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by Derek Loosvelt | July 12, 2018


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Gone are the days when going on vacation means you're unreachable. Now, with email, smartphones, Slack, and other tools that allow you to be in touch from anywhere and at anytime, it's hard to completely unplug when you take time off. In fact, today, many employers expect their employees to respond to important or urgent emails even while on vacation. Others employers, while not officially expecting it, silently encourage it. In addition, some employees might like to respond to certain emails while on vacation just so their inboxes and to-do lists aren't so full and long when they return. Whatever the case might be, if you do have such a position where you have to or want to deal with emails while on vacation, here are three tips that will go a long way to lightening your PTO workload.

1. Set clear expectations

Before you leave the office on vacation, always set clear expectations with coworkers and clients. With coworkers (managers, colleagues, direct reports), send them an email or speak with them in person, telling them what you intend to do as far as responding to emails and/or asking them what they expect of you. It's likely that, by the time you're eligible for your fist vacation, you've seen what's expected of others when they're out of the office. So a good rule of thumb is to follow their lead. That said, it's always a good idea to get confirmation before you head out of town. So, if you've heard that your colleagues check email once a day while on PTO but only respond when absolutely necessary, then let your manager know that that's what you'll be doing, too, while also asking your manager if that works with them.

With clients, you'll be setting expectations via your out-of-office automated response. When writing that, make sure to be clear in your response with respect to when someone can expect a reply. This doesn't mean you have to write, "I'll get back to you within 24 hours," but it also doesn't mean you can write, "I'll be out of the office from the 10th to the 20th," without addressing when or if you intend to reply before your return. So, consider writing something like, "I'll be out of the office until August 17th. Until then, I'll be checking email infrequently and will reply to anything urgent as soon as I can. In the meantime, if you need immediate assistance, please contact [MY COLLEAGUE'S NAME AND EMAIL]."

2. Do it the same time each day

To ensure that you actually get a vacation on your vacation, minimize your email checking. Once a day seems like enough for most positions (ideally, of course, you're not checking at all, but, as mentioned, that's hard to manage these days). So, maybe choose the morning or evening. If the morning, you'll be seeing what you received the day before that might need replying to. If the evening, you'll be seeing what you might need to reply to that came in that day. Morning is said to be the time of day when we're most clear and creative, and morning will also get the email checking out of the way for your day. On the other hand, you might want those clear-minded and creative mornings to yourself on vacation, and if you check email near the end of the day, you haven't left urgent matters hanging overnight. Either way, picking one time keeps you from checking in more than once a day, and will help you relax (somewhat) as you'll know that you have a small window for work and all other time for vacation.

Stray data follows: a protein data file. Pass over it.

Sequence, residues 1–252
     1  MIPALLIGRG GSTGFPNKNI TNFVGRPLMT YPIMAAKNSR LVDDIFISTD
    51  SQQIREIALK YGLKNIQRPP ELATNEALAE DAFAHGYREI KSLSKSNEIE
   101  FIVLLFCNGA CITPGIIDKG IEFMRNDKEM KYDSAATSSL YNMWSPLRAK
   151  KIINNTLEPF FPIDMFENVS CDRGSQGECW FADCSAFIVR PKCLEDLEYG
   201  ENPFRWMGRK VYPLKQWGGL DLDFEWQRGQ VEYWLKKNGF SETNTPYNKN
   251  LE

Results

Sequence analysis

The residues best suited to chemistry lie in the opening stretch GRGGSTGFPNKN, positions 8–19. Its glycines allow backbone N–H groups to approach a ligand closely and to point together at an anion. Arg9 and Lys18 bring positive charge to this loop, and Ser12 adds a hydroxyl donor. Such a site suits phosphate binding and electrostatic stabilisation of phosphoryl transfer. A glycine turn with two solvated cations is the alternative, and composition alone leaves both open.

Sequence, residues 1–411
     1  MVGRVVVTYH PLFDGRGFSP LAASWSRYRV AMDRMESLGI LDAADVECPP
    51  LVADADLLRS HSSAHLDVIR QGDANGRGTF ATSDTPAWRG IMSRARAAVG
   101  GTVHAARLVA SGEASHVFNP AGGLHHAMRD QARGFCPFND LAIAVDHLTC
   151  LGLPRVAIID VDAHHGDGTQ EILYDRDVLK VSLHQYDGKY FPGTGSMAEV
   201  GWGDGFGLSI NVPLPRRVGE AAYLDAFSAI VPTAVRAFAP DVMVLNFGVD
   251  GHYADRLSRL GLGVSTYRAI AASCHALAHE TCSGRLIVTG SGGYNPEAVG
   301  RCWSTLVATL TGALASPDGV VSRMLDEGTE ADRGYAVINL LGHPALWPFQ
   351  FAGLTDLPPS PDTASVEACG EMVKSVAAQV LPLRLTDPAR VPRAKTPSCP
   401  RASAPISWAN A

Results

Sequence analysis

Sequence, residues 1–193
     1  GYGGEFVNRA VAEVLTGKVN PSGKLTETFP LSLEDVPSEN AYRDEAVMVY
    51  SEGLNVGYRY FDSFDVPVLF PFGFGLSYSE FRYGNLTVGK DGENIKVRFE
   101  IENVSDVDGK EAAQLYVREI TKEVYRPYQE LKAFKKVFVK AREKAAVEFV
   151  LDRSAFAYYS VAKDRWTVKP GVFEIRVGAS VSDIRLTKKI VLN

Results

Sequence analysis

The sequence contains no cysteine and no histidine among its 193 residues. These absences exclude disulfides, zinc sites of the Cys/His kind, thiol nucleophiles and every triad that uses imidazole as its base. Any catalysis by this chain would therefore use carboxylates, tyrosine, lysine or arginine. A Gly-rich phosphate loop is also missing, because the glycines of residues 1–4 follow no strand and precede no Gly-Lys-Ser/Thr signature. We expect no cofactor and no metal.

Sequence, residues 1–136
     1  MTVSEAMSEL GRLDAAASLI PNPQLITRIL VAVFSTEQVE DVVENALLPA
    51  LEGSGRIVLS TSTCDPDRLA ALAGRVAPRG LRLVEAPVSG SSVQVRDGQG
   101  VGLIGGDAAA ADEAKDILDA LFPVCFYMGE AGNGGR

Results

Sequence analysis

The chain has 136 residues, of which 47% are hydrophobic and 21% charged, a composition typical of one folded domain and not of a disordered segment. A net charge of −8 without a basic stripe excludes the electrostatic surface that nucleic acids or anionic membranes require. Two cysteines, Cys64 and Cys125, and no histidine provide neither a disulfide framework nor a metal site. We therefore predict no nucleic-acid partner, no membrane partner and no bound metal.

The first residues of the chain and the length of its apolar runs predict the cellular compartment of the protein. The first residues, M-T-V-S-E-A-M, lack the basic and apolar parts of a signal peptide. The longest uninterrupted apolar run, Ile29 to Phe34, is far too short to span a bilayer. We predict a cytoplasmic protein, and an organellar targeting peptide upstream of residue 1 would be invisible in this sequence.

3. Enlist your colleagues' help

In order to minimize your time working while on vacation, and to maximize your time not working, see if a colleague might be able to help you respond to urgent emails. So, for example, say a client has an issue with a report you sent and requires an immediate, rather lengthy response along with a few documents attached. Instead of just cranking out a long response and searching for those documents to be attached, think about which of your colleagues might be able to take this on without complaint. Chances are, colleagues will want to cover for you while you're on vacation so you'll cover for them while they're out. After all, everyone knows how valuable and rare PTO is. And so, in this case, you could forward the request to a trusted colleague, ask them if they'll be able to reply, while also saying something to the effect of: "No problem if not, but thanks so much if so!" Even if, in the same example, you're the only one who can craft an appropriate response, maybe a college could send along the documents, or follow up with the client in a day or so. The point is, seek help from your team, however small, and don't forget to repay that help later.

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